The 'Christian Nation' Flashpoint
Editor’s Note: Christianity is not mentioned in the Constitution and the First Amendment makes clear the Founders’ insistence that the U.S. government remain neutral on religion, but many on the Right insist that America was always and must remain a “Christian nation.”
This political movement – especially at a time when more and more Americans are not identifying themselves as Christian – creates another political flashpoint in the days and years ahead, as the Rev. Howard Bess observes in this guest essay:
Many big issues fill our daily news – political upheaval in the Middle East, budget-cutting in Washington, and a challenge to public unions in Wisconsin – but there is another dark storm cloud on the horizon, the renewed battle over the issue of church and state.
The coming storm is driven by three key forces: the growing religious diversity in America, the claim by some conservative Christians that the United States must be “a Christian nation,” and the First Amendment’s insistence that “Congress shall make no law respecting an establishment of religion or prohibiting the free exercise thereof.”
In discussion of the First Amendment, phrases like separation of church and state and the wall of separation are frequently used. However, my friends at the Baptist Joint Committee, a watchdog group in Washington dedicated to the maintenance of separation of church and state, more often speak of neutrality.
In this view, federal, state and local governments must remain neutral in matters related to religion. Government must not do anything that promotes religion or that inhibits the free practice of religion. That interpretation of the First Amendment may seem plain and simple, but not to everyone.
There is a large minority of Americans who believe that the United States was founded to be a Christian nation. They believe Christianity ought to be a privileged religion and reject what seems to be the clear meaning of the First Amendment, government neutrality on matters of religion.
The history is that the framers of the U.S. Constitution represented a wide variety of religious opinions, ranging from Christian fundamentalists to deists and atheists. The common ground that they found was neutrality.
But what does neutrality mean in the 21st century?
In the past decade, two government actions and a controversy brought the issue of neutrality to public attention.
The first was the effort by some in government to provide vouchers to students to enable them to attend private schools, most of which are religion based. Many of us believe this is a clear violation of the neutrality standard.
The second was the establishment of the White House Office of Faith-based and Neighborhood Partnerships by President George W. Bush who used it to funnel hundreds of millions of dollars to church and quasi-church organizations. President Barack Obama has worked for two years to clean up the program, with the goal of protecting the neutrality standard, though his effort remains a work in progress.
The public controversy that thrust the neutrality issue into the spotlight was the proposed Islamic center a few blocks from 9/11’s Ground Zero in New York City. Last year as the furor raged against the plan, proponents of religious neutrality often were shouted down.
These three events suggest that Americans are revisiting the First Amendment principles during a time of demographic and religious changes.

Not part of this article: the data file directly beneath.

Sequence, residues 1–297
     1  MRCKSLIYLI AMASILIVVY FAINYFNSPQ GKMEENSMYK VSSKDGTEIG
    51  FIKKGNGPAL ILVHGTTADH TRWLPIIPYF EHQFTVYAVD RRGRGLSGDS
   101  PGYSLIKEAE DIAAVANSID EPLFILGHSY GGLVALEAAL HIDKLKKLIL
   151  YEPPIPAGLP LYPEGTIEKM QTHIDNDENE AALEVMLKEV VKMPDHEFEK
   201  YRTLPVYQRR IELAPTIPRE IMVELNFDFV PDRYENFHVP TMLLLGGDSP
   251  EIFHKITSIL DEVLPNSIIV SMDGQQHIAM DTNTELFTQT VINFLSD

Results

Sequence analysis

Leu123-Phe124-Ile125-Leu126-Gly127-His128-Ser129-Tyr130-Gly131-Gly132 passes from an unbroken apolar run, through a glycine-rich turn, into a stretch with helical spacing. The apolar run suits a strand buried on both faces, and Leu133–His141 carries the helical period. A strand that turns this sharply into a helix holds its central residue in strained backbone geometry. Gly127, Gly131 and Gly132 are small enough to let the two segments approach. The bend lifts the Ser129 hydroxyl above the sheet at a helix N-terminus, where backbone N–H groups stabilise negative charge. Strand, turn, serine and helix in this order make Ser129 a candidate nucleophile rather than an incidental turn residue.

How will the First Amendment fare in what has long been a Christian-majority country at a time when the most significant religious movement is away from Christianity?
For most of American history, religious diversity was among the various Christian sects. That is no longer true. Seventeen percent of Americans now identify themselves as having no religion at all, and this non-religious population is very sensitive to any privilege given to religion.
The Muslim population in the U.S. is expected to double over the next decade. Mosques are being built all over the country. Hindus have become more numerous and are finding voice when they experience discrimination or are marginalized in our public institutions.
We are moving into an era in which these religious (and non-religious) minorities will no longer be silent. They embrace their First Amendment rights and expect to be treated with equality.
While some Christian fundamentalists resist these changes, diversity has long been an American strength, and the First Amendment has been the protector of the principle of religious freedom and tolerance.
In the days ahead, the school voucher issue is likely to be a flashpoint. U.S. House Speaker John Boehner in January introduced legislation that would provide funds for vouchers for children to use in private schools in Washington D.C., including religion-based schools.
The Baptist Joint Committee and other defenders of separation of church and state see vouchers as a violation of the First Amendment – as well as bad for public schools, bad for private schools, and a step backwards from religious liberty and government neutrality.
For the record, I read every edition of “Report from the Capital,” the BJC’s magazine, and closely follow the work of this small but powerful lobby headed by J. Brent Walker, a graduate of Stetson University School of Law and Southern Baptist Seminary.
Walker is a member of the U.S. Supreme Court Bar and is an ordained Baptist minister who teaches classes at Georgetown University Law Center and at Baptist Theological Seminary in Richmond, Virginia.
The information and opinions in this essay are greatly dependent on my reading of “Report from the Capital.” While I have not used direct quotes, my dependence on BJC and Brent Walker needs to be acknowledged.
The Rev. Howard Bess is a retired American Baptist minister, who lives in Palmer, Alaska. His e-mail address is firstname.lastname@example.org.
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